Have you read our previous interview with Urska Pribosic yet? It’s already October, which means the season is right around the corner. All these films and events are starting to remind us to be prepared. All the snow the US received this week was a great reminder. Winter is coming. Where are you planning on riding first when the snow flies and the chairs start spinning? Let us know. Connect with us at Flow Snowboarding via Social Media and use the hashtag #FlowSnowboarding.

Urska Pribosic
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Tim Humphreys September Snowboarding Session

“The day was September 28, 2014,” Tim Humphreys explained. “How did it snow in Tahoe? No one knows… well.. we were over 9,000 feet up on Mt. Rose. The only thing that’s for sure is we went boardin! I can feel it. It’s going to be a good season out here in Tahoe!”

Are you ready winter? What did you do to add to your stoke level for winter? Did any of you take advantage of the winter storms that hit North America this past week? Did any of you go to Bear Mountain’s Hot Dawgz & Hand Rails? Connect with us at Flow Snowboarding via Social Media and hashtag #FlowSnowboarding.

Photo Highlights From Bear Mountain’s Hot Dawgz & Hand Rails

The official countdown to winter has begun now that this last weekend’s Hot Dawgz & Hand Rails event up at Bear Mountain shook Southern California like an earthquake. For the first time ever, Bear Mountain park staff had two zones set up for riders to compete for the $10,000 prize. Johnny O’Connor ended up taking 1st place, Mariah Dugan took 1st for the ladies, with Zack Rawles taking best trick. Here are a few photo highlights from this past weekend’s event, taken by Flow Snowboarding’s Wallace Hargraves.





For even more Photos from Hot Dawgz & Hand Rails, click HERE

Were you at up at Bear Mountain for Hot Dawgs & Hand Rails?  Flow Snowboarding wants to see your photos. Connect with us at Flow Snowboarding via Social Media and use the hashtag #FlowSnowboarding.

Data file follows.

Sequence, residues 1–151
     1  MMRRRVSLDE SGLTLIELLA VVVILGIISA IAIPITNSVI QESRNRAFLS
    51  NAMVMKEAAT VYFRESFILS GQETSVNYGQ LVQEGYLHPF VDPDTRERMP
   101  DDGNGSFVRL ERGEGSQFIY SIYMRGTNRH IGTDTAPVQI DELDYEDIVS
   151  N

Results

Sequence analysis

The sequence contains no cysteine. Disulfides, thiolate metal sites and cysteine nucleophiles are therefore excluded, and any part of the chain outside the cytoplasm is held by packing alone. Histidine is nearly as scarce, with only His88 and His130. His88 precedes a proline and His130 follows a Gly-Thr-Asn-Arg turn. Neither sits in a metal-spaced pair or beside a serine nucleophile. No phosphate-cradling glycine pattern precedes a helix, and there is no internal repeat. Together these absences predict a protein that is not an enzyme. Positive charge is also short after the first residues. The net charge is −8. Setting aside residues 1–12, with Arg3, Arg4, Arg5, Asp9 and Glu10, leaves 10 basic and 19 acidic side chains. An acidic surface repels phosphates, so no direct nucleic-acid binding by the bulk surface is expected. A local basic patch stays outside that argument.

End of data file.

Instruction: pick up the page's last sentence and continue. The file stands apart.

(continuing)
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Photo Highlights From Bear Mountain’s Hot Dawgz & Hand Rails 2 of 2

Here are more photos from Wallace Hargraves of Bear Mountain’s Hot Dawgz & Hand Rails competition.









Click HERE to go back to the previous photos.

Were you at up at Bear Mountain for Hot Dawgs & Hand Rails?  Flow Snowboarding wants to see your photos. Connect with us at Flow Snowboarding via Social Media and use the hashtag #FlowSnowboarding.

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Mike Basich Featured in Heavy Mental by Absinthe Films

Check out our pal Mike Basich who is featured in the latest Absinthe film Heavy Mental.

“The lack of snow in much of the world, and a lack of snowpack stability in most other places, made this winter exceptionally challenging. Mentally and otherwise. A bit like a riddle, a maze, and a game of chicken rolled into one. With heavy consequences for not playing at the very top of your game. Lucky for you, (and for Absinthe) we were at the right place at the right time. But that would be a long and weird name for a movie, so we decided to call this one HEAVY MENTAL. You will be rocked.” -Absinthe Films

Heavy Mental is now available for download on iTunes. Have you seen the film yet? If so… what did you think of Mike Basich’s segment? We at Flow Snowboarding want to know. Connect with us at Flow Snowboarding via Social Media and use the hashtag #FlowSnowboarding.

Mike Basich
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Getting to Know Urska Pribosic

Slovenian snowboarder Urska Pribosic recently graced the the cover of the Blue Tomato snowboard catalog and was recently featured in Lipstick Productions short film No Place Like Home. Never one to miss a joke or prank, Pribosic’s Lipstick Productions rider profile lists “Honesty” as a virtue she has, followed comically by “Lying” as a bad habit.

We had a chance to track down Flow Global Ambassador Urska Pribosic to ask her a few questions about her growing up snowboarding, her summer & winter travels, as well as being featured in the new Lipstick Productions film “Something.” Her jovial nature shone through on a few of her answers. Have a read.

Where is home for you Urska, currently?

Earth… most of the time.

Did you ever ski before you started snowboarding?

Yes and I still sometimes do, just to be reminded how much better snowboarding is.

Do you listen to any music when you ride?

If I remember to take it with me…so no. And even if I do remember the battery is usually dead.

What is your current snowboarding setup? Board, boots, bindings?